Molecular Regulation of the Corticostriatal Circuits by the Forkhead P Genes

Grant Type
Grant Year
Institution Location
Institution Organization Name
Yale University
Investigators Name
Sestan, Nenad, MD, PhD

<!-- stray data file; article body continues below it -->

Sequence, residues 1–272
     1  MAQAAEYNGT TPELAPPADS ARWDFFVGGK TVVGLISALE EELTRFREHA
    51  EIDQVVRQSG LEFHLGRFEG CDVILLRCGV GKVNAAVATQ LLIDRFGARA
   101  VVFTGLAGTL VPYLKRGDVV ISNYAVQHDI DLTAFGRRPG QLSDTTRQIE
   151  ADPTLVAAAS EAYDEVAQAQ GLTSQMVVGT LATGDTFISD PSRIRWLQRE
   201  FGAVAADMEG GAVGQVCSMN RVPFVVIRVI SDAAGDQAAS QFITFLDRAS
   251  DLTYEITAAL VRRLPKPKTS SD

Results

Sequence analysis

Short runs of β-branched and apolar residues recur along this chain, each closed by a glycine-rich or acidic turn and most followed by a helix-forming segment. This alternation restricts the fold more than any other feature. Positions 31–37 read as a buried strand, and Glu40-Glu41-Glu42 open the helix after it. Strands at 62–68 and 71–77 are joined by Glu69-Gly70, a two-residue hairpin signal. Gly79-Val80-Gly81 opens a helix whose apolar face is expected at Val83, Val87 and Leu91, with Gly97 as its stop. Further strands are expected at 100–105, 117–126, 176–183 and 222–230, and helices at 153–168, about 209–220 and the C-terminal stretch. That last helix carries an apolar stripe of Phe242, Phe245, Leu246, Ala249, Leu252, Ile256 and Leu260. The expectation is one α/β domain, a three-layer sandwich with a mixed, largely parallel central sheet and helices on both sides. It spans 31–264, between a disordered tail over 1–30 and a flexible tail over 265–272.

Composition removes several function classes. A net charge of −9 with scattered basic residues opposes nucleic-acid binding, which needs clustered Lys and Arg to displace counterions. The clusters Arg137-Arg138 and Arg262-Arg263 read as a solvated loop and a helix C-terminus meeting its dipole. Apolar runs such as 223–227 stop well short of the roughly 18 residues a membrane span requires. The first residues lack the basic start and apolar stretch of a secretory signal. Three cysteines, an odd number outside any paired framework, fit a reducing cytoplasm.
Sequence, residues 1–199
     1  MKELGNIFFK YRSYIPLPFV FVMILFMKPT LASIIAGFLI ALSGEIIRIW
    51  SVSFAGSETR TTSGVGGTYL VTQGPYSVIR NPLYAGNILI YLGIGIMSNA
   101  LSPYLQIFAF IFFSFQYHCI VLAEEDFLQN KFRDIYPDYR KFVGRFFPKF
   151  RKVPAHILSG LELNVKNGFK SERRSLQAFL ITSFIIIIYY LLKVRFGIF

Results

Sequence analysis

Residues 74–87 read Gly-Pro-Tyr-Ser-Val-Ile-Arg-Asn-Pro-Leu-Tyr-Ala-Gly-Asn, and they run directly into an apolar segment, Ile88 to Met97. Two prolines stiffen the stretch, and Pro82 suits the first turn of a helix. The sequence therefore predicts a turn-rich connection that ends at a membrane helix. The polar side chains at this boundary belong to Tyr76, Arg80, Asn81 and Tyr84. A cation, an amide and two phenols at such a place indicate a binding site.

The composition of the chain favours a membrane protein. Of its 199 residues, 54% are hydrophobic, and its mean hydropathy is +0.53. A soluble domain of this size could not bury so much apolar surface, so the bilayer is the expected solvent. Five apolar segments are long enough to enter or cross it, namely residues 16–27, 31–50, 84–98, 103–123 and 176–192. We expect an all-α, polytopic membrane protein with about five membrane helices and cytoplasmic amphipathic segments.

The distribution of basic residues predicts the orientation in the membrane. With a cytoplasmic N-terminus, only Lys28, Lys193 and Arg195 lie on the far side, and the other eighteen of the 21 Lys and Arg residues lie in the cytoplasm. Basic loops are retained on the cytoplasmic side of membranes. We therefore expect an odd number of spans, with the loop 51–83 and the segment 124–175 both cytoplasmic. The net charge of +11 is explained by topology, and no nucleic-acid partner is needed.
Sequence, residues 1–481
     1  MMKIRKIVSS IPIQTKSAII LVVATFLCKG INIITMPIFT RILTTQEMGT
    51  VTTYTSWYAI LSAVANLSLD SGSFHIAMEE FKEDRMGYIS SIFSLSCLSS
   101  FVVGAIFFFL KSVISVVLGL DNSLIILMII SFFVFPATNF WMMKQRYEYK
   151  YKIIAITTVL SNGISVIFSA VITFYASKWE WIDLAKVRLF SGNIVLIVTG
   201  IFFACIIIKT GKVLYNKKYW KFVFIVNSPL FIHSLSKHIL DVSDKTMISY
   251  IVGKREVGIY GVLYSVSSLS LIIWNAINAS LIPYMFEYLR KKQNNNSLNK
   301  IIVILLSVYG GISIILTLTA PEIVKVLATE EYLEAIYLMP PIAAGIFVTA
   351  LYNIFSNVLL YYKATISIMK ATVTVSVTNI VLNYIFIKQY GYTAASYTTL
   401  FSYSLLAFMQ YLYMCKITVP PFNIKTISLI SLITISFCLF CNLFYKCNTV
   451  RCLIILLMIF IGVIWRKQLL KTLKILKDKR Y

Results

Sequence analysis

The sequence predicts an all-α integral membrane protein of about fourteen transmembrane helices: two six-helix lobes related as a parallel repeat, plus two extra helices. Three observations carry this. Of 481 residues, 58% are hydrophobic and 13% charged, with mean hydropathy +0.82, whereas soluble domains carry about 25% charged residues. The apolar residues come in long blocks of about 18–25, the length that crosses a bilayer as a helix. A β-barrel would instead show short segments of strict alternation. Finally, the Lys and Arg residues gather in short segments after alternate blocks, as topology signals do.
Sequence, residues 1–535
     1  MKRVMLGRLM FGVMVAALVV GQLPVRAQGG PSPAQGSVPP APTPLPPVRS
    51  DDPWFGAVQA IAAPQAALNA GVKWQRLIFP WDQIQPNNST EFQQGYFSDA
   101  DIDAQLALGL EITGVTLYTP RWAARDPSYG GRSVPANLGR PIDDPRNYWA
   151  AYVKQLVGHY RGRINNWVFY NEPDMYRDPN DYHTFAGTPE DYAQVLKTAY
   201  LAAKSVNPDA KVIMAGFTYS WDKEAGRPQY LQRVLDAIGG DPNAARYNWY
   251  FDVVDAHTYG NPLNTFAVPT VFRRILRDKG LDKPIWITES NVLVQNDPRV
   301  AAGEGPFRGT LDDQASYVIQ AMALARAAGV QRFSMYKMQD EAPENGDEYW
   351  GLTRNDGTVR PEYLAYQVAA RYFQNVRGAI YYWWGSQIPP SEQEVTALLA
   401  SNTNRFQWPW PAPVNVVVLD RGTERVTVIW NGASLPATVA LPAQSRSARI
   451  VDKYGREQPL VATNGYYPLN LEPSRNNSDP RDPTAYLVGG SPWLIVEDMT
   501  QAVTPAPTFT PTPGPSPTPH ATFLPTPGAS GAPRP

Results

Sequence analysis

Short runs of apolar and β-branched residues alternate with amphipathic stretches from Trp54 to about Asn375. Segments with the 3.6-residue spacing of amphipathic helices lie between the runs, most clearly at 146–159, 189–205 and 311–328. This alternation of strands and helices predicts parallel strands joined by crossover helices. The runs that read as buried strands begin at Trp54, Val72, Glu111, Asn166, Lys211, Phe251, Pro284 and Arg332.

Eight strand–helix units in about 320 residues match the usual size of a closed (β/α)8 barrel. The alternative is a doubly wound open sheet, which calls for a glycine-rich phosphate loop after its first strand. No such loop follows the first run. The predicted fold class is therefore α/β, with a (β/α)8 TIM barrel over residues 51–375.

Gilles de la Tourette Syndrome (TS) is a developmental disorder characterized by a wide range of motor and behavioral symptoms, with motor and vocal tics being the prominent features. Etiology of the vocal tics is still largely unknown, although it is thought to involve alterations in the development and function of neural connections between the cerebral cortex and basal ganglia. To identify genes that are differentially expressed in distinct components of the cortico-basal ganglia neural pathways, we used Affymetrix Gene Chips to compare the expression of thousands of genes in different regions of the developing mouse brain. We identified several genes whose expression levels were dramatically different between distinct components of the corticostriatal system. Two of the genes whose differential expressions were validated using different techniques were Forkhead P (Foxp) 1 and 2 genes. Of these two genes, the Foxp2 is of particular interest since it is mutated in humans suffering from a verbal and orofacial dyspraxia (continuous impairment of articulation unrelated to impairment of muscle function). The deficits in affected humans appear early in childhood in the control of fine coordinated face and mouth movements that are required for speech production. Interestingly, several abnormalities with speech and language have been found in the TS population, suggesting that corticostriatal circuits involved in vocalization may also be affected in TS. Our preliminary results have shown that Foxp1 and 2 are expressed exclusively by projection neurons in the motor related regions of the mouse and human brain. To determine whether Foxp1 and 2 activities are required for the normal development of cortico-basal ganglia connections in the brain, we will determine whether their differentiation and patterning are impaired in the absence of Foxp2 activity, using the lentiviral delivery of small interfering RNAs that inhibit gene expression. Next, using the same delivery system, we will try to alter the differentiation and patterning of corticostriatal circuits by misexpressing Foxp1 and 2 genes. Finally, we will search for genes that are selectively modulated by Foxp2 in the corticostriatal neurons using microarray technology. The elucidation of how Foxp1 and 2 may regulate development of the corticostriatal circuitry as outlined in this proposal will help in understanding normal brain development and the neurobiological underpinnings of TS. Hopefully, using this information, it may become possible to identify candidate genes for TS and develop new strategies for the treatment of speech and motor related disorders. Nenad Sestan M.D., Ph.D. Yale University School of Medicine, New Haven, CT Award: $68,181 This award is in memory of Rece Ochsman in gratitude for over two decades of generous support of the TSA Research program Tourette Association of America Inc. – Research Grant Award 2004-2005